A recent tide of sectarian tensions that erupted into the worst violence seen in Iraq in five years is testing the government of prime minister Nouri al-Maliki, whose ability to contain the crisis could hinge on a conflict raging beyond his control in Syria.
The prospect of a regional power shift driven by the bloody civil war next door, where a mostly Sunni rebel movement is struggling to topple the Shia-dominated regime, has emboldened Iraq’s Sunni minority to challenge its own Shia government and amplified fears within Maliki’s administration that Iraq may soon be swept up in a spillover war.
Sectarian bombings and assassinations targeting both Sunnis and Shias increased last month after government forces raided a Sunni protest camp in northern Iraq, killing more than 40 people. Shootings and bombings continued last week.
Meanwhile, Iraq’s embittered Sunnis say the successes of the Syrian rebels have given them the confidence to challenge what they call worsening government discrimination and abuse against the minority that once ruled the country under Saddam Hussein.
Iraq’s Sunnis have been staging a growing wave of anti-government demonstrations in Sunni-majority provinces across the country for five months, raising tensions that some say could reignite the civil war that peaked in 2006. The combustible situation, underpinned by what critics call mistakes of the decade-long US occupation that enshrined sectarianism, has been aggravated by Maliki’s increasingly authoritarian policies, analysts say.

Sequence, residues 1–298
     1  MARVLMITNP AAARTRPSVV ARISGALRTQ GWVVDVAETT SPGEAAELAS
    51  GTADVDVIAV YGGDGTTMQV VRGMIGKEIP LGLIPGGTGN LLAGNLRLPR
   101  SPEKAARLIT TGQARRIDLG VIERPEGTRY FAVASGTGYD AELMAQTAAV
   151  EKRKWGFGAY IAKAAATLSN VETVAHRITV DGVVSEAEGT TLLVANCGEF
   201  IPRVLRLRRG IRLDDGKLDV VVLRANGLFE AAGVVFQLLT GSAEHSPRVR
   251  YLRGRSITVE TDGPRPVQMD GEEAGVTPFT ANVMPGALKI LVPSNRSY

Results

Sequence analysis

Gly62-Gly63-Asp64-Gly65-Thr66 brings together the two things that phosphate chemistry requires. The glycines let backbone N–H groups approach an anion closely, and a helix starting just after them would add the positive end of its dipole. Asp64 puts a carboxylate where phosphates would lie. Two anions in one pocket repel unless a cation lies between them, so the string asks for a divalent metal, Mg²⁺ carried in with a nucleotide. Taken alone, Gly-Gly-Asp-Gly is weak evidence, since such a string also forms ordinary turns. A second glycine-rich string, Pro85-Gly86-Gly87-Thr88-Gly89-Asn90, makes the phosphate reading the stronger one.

Inside a dust-battered tent at a protest camp in Fallujah earlier this month, tribal leaders in white robes described the conflicts in Syria and Iraq as inescapably intertwined. Many here view Maliki as a puppet in a conspiracy by Shia-majority Iran to achieve regional domination, and they say Syria’s Iran-backed regime is no different.
“Maliki’s intentions for the Sunnis are the same as Iran’s: They want to ‘Shia-ify’ the country,” said Mohamed al-Bajari, a spokesman for the protest movement in Fallujah. Bajari served as an officer in Hussein’s intelligence service.
At a rally on 10 May on a highway that cuts through Fallujah, where the old flag of the Hussein-led Iraq fluttered above the crowd, one banner read: “America: You gave Iraq to Iran, and then you left.” A rebel victory in Syria could benefit Sunnis in Iraq, Bajari said.
A number of Sunni officials in Baghdad have lost credibility with the protest movement for their willingness to work with Maliki. In Anbar, tribal leaders, militants and protesters have sparred over the path forward.